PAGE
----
Despite the disastrous effects COVID-19 has wreaked on our economy, unemployment rates are steadily declining in Texas. As businesses reopen, they are presented with a much larger pool of qualified candidates to draw from than in previous years. However, there is also an increased chance they are subject to agreements and other legal duties arising out of their former employment (e.g., noncompetition agreements and duties of nondisclosure of trade secrets). To avoid potential liability, and unnecessary legal expense, prospective employers should take some basic precautions to ensure they are protected from claims by a former employer.
What risks does a prospective employer face? The biggest and most common risk presented is if the prospective employee is in possession of trade secrets or other confidential, proprietary information belonging to their former employer. This can include customer lists, customer contact information, pricing data and other information that the former employer would typically not want disclosed and took steps to protect.
If the employee comes to work for you and uses or discloses protectable trade secrets and other proprietary information to further your business, you can expect a nasty letter from the former employer’s attorney alleging that you have violated the Texas Uniform Trade Secrets Act relating to misappropriation of trade secrets, threatening to sue you to stop any further use or disclosure via an injunction and demanding damages, including lost profits, reasonable royalties, attorney’s fees and exemplary damages.
A less common, but equally real, threat is if the job applicant has a noncompete agreement preventing the applicant from performing services for a competitor that are the same or similar as those that they performed for their former employer within a reasonable geographical area for a reasonable period of time (typically, under five years). Covenants not to compete are governed by the Texas Business & Commerce Code. If the statute is violated, a former employer can obtain an injunction barring the prohibited conduct and recover damages, including actual damages and attorney’s fees.
You should not think that noncompete agreements are unenforceable in Texas. They are. Furthermore, even if an agreement is unenforceable as written, judges are required by law to reform such agreements, if possible, and enforce them as rewritten. While damages and attorney’s fees are not recoverable in such instances, the former employer can still get an injunction preventing future violations.
A third risk presented to potential employers is a claim for tortious interference, including interference with an existing contract. If the former employer can establish a valid contract with its former employee, you could be held liable if you willfully or intentionally interfered with that contract, causing damages.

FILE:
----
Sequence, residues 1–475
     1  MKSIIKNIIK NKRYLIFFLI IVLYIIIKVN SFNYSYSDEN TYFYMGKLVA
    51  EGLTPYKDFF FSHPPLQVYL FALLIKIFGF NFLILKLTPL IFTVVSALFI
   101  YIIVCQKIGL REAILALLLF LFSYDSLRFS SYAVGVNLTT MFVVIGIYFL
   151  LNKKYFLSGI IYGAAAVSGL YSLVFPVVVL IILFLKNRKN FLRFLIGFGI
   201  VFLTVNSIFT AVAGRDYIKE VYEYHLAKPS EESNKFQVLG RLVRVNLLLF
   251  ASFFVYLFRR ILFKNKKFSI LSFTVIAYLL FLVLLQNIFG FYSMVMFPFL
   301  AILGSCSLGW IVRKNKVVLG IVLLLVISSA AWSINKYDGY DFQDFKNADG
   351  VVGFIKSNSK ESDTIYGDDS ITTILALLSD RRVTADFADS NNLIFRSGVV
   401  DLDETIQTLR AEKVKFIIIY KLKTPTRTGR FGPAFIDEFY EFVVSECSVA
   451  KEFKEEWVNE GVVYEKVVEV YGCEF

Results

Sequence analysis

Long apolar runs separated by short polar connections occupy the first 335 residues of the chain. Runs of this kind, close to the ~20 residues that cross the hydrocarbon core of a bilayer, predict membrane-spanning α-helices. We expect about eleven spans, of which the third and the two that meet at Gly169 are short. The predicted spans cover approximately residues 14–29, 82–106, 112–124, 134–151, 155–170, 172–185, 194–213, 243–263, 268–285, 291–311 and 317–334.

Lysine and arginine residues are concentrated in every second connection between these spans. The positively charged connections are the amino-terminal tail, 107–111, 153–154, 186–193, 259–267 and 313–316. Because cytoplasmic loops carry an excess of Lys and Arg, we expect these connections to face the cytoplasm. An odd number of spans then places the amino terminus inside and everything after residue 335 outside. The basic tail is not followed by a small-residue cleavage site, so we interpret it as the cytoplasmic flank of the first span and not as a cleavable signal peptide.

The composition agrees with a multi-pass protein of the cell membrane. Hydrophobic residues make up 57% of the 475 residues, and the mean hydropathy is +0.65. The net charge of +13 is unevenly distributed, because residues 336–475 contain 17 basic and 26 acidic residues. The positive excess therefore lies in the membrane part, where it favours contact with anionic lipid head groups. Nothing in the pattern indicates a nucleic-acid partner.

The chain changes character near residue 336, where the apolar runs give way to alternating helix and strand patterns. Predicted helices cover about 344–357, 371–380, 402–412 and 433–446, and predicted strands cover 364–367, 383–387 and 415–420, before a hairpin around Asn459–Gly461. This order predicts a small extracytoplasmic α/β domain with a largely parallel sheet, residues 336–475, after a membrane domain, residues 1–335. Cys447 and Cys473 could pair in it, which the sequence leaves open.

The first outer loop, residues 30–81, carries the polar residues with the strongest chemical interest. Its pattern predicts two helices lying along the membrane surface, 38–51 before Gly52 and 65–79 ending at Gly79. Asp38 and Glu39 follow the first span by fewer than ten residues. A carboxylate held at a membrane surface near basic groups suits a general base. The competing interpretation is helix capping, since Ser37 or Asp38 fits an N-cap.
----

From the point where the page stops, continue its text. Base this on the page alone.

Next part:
So how do you avoid being blindsided with a nasty letter from a former employer? Ask questions in the interview process. Include in your employment application specific questions about whether they have a written noncompetition agreement. If they do, ask for a copy and read it. Have your attorney read it, as well. If there is any hint that there could be a potential claim, ask your lawyer if you should get the applicant’s permission to contact the former employer to obtain a written waiver.
Additionally, ask the applicant if they have a written nondisclosure agreement. If they do, follow the advice set forth above relating to noncompetition agreements. Also, consider including in the application a question requiring them to represent expressly that they do not have any confidential or proprietary information that could or will be used in their employment with you (if they are hired).
Lastly, besides the job application, talk with your attorney and consider having them draft a written agreement that each new hire would be required to sign. Basically, your lawyer would include numerous affirmations by the applicant that would help you establish various defenses recognized by Texas law to defeat claims by former employers (e.g., “I have not signed a noncompetition agreement with any former employer that is currently in effect”; “I agree that I have not provided any information that would cause employer to know, believe or suspect that an enforceable noncompetition or nondisclosure agreement exists between myself and any other person or entity”; etc.).
While a deep pool of potential employees is a net positive for anybody, employers need to be careful and consult with a qualified lawyer to develop a game plan to hire good employees while avoiding those who could embroil them in costly litigation as result of hidden traps.